Acknowledging the homelands of tribal nations where the University of Iowa resides

The Native American Council continues to work on its land acknowledgment, creating a version that is briefer than their original statement so it can be easily used in classes or before meetings.

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Natalie Dunlap, News Reporter


Many professors chose to read an acknowledgment of land and sovereignty aloud at the start of the fall semester, or inserted it into their syllabus, with names of the tribal nations that were originally located where the University of Iowa now sits, and the nations that are still thriving in the state.

“As an academic institution, it is our responsibility to acknowledge the sovereignty and the traditional territories of these tribal nations, and the treaties that were used to remove these tribal nations, and the histories of dispossession that have allowed for the growth of this institution since 1847,” the College of Liberal Arts and Sciences states on its website. 

The UI’s Native American Council began drafting its land-acknowledgment statement a few years ago, in response to internal council requests. Former director of UI Diversity and Outreach Programs Tracy Peterson spearheaded the drafting of the land acknowledgment.

“We’re a very small community here, so it’s a document that, students, myself, and the Native American Council staff — everybody has had a say in it,” UI Associate Professor in the Department of History Jacki Rand said.

Rand is a citizen of the Choctaw Nation of Oklahoma and a member of the UI Native American Council. The document had gone through multiple drafts because of the diplomacy challenges in writing the acknowledgment, Rand said.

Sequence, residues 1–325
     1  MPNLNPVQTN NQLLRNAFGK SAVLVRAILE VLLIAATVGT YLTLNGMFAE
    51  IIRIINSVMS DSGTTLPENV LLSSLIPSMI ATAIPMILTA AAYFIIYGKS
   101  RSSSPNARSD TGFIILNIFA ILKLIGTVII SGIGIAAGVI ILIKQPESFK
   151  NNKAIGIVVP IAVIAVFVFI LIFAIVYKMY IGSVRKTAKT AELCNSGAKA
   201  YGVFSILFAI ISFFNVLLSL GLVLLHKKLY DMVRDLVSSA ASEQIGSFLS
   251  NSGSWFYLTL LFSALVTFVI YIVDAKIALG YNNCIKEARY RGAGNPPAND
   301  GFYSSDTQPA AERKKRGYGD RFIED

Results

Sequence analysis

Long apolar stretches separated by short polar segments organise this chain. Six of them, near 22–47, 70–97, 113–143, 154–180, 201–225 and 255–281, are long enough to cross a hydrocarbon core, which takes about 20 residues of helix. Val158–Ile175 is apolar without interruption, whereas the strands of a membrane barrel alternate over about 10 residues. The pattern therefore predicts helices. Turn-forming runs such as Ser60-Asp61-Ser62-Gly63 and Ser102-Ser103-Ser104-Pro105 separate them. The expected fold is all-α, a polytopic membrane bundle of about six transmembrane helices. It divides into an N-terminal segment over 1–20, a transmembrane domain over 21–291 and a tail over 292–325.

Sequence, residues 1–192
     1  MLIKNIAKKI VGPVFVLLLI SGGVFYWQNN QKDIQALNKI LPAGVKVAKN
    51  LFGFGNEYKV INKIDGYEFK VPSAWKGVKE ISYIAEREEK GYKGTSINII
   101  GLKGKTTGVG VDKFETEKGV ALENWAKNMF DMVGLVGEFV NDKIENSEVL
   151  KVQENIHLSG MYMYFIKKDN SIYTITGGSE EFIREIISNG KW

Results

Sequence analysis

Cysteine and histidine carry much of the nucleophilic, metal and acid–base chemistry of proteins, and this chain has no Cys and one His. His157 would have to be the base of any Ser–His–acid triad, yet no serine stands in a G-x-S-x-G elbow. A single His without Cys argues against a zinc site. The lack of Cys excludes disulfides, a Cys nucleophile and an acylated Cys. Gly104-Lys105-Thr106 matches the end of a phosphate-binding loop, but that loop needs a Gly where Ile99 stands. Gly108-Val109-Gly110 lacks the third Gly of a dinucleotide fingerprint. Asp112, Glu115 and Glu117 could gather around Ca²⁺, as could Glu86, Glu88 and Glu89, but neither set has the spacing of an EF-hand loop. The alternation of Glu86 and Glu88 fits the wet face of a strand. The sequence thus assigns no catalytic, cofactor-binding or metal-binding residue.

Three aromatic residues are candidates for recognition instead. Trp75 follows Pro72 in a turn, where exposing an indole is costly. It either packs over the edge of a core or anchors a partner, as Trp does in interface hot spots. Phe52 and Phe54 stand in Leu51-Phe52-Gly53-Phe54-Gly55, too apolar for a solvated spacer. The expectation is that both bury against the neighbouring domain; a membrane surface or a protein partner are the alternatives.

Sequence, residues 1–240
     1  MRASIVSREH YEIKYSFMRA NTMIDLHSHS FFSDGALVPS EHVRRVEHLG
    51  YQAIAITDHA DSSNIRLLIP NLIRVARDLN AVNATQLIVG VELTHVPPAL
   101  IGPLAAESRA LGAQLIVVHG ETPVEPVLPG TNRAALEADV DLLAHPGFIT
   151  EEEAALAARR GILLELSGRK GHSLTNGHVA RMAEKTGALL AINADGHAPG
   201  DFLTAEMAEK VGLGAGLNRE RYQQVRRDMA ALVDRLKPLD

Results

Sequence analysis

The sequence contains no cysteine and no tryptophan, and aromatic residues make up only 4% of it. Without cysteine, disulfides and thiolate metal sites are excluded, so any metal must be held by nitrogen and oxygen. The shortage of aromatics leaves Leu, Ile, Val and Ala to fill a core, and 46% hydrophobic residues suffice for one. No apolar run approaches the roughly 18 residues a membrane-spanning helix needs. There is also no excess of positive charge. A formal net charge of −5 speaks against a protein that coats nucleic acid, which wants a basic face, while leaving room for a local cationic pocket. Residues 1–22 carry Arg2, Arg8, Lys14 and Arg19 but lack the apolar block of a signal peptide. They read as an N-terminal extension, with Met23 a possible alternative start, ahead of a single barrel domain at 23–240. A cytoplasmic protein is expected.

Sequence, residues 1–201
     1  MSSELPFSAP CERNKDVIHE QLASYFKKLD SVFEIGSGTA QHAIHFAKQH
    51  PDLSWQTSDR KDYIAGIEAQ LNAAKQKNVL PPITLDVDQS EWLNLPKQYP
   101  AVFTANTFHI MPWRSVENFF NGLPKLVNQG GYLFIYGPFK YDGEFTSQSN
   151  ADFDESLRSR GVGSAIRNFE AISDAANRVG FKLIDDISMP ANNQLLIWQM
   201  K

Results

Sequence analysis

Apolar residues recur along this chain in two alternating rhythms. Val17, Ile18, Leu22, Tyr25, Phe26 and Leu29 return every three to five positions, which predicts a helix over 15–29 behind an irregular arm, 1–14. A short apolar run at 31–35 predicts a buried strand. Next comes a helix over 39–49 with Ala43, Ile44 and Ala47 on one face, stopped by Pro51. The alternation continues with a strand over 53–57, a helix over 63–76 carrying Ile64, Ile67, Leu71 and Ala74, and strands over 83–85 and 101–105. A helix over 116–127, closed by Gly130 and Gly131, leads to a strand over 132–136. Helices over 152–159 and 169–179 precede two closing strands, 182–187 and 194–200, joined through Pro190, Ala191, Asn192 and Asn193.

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“There are almost 30 tribes that have a historical footprint in what is now called Iowa,” Rand said. “So, a lot of work was done originally to reach out to each of the tribes and sort of let them know we’re putting this acknowledgment together and making sure we had clear information.”

Rand said the council is now working on a shorter land-acknowledgment document that is easier to use, which would include a link to the full statement.

“We’ve had a lot of calls from any number of departments of colleges and other outside organizations that want to open all of their public meetings…with a land acknowledgment,” said UI Professor Emeritus Joe Dan Coulter, who is an enrolled member of the Citizen Potawatomi Nation of Oklahoma, and UI Native American Council member.

Coulter said the statements summarize that organizations throughout Iowa are occupying the land of Indigenous people and that Indigenous people were forcibly removed, put on reservations, and had their land taken from them.

He said the UI has not formally adopted a land acknowledgment, because professors are not required to share a land acknowledgment and it is at their discretion if and how they want to implement one.

Rand said some of her colleagues have written their own statements with the same goal in mind.

“There have been a lot of wrongs and we can’t fix them all, but we shouldn’t erase them either,” said UI College of Law Dean Kevin Washburn, a Chickasaw Nation of Oklahoma citizen and UI Native American Council member. “We should recognize them, and the land acknowledgment is a recognition of that sort of thing, that we can’t fix all wrongs, but we can at least recognize that they happened.”

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